I graduated from UC Irvine in the spring of 2003 – my degree was in Economics with a concentration in mathematical and econometric analysis. Economics appealed to me because I was interested in understanding ways to allocate scarce resources creatively and effectively among their alternative uses. The study of economics also provided me with a framework through which to understand poverty and the socioeconomic issues affecting minority and immigrant populations. It was my desire to help these populations achieve better lives, and as my education continued this goal slowly shaped into a desire to help them through medicine.
The turning point occurred late in college my college career, when I took an internship at the United Cambodian Community (UCC) center, a non-profit organization that works with the underserved and indigent. During my time there, I became aware of the unique health care disparities existing within underserved groups that were exacerbated by a lack of financial resources, along with prevailing cultural and language barriers. At the time, there was very little we as volunteers could do to improve their economic conditions, but we did to a great deal to educate community members about the importance of preventative care and early screening for diseases. I began to aid in organizing health fairs by contacting local hospitals and social services agencies to come and provide free information and educate the community about diseases such as diabetes and high cholesterol, conditions that were common in poorer communities. At these fairs, patients deemed at risk for these diseases were given a list of free clinics in the area that they could go to for further medical care. I continued to hold these healthcare fares because I saw how much it meant to the people who attended.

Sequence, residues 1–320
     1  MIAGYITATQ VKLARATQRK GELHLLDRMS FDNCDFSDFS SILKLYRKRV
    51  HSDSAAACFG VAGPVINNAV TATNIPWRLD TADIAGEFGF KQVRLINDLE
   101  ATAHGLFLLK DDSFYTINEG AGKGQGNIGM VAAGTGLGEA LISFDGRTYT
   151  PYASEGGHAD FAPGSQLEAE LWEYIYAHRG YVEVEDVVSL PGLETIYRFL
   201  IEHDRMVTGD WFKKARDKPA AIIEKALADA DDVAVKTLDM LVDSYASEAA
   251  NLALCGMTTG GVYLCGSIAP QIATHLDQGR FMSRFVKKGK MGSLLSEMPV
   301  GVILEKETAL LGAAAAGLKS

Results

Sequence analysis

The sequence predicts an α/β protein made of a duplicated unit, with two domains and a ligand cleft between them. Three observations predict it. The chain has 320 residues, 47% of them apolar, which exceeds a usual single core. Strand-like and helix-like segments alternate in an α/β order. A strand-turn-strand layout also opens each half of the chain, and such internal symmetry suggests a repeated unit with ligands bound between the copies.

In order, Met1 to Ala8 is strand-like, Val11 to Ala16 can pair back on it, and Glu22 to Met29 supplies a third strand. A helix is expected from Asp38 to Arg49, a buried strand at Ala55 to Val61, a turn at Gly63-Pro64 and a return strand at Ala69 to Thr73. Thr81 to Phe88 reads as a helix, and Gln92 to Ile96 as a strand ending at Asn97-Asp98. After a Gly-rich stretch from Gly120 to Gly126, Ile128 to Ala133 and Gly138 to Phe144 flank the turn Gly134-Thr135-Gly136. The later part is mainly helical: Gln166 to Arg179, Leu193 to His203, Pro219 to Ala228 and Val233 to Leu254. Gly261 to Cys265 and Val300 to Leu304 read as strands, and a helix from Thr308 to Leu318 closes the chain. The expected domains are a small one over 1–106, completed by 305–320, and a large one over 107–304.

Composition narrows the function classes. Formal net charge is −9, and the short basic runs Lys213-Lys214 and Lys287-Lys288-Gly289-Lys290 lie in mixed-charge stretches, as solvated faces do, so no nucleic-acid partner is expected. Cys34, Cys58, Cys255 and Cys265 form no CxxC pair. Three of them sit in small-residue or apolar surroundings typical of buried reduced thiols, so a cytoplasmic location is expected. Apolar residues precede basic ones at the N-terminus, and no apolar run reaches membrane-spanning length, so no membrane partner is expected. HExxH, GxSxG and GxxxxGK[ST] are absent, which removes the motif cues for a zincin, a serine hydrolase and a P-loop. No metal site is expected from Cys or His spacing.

My time at the UCC revealed to me the unique healthcare needs of this community and the dire shortage of qualified individuals who understand those needs. As a physician, I will rely on my dual American and Cambodian heritage to bridge the cultural divide that prevents this community and other minority groups from obtaining and accepting the care they need and deserve. In pursuit of this objective I set to work on completing the medical school prerequisites at California State University-Fullerton immediately following my graduation with a B.A. in Economics. At the same time, I worked as a student researcher in a membrane receptor lab, where I was the first in our group to show an increase in tyrosine phosphorylated proteins following fertilization in the sea tunicate. The chance to apply classroom theory to laboratory research allowed me to appreciate scientific principles within a larger context.
In the fall, I will be attending osteopathic medical school. I have always grown up with a sense of social responsibility, and so when I decided on a career in medicine I was drawn to the community focus of the osteopathic philosophy – its emphasis on the role of the primary care physician within the healthcare system and its patient-centered, holistic approach to treating illnesses. With the training I will receive in osteopathic medical school, I hope to make a difference in the health and well-being of my community through holistic medical care that attends not only to the whole individual, but also to the individual's environment context.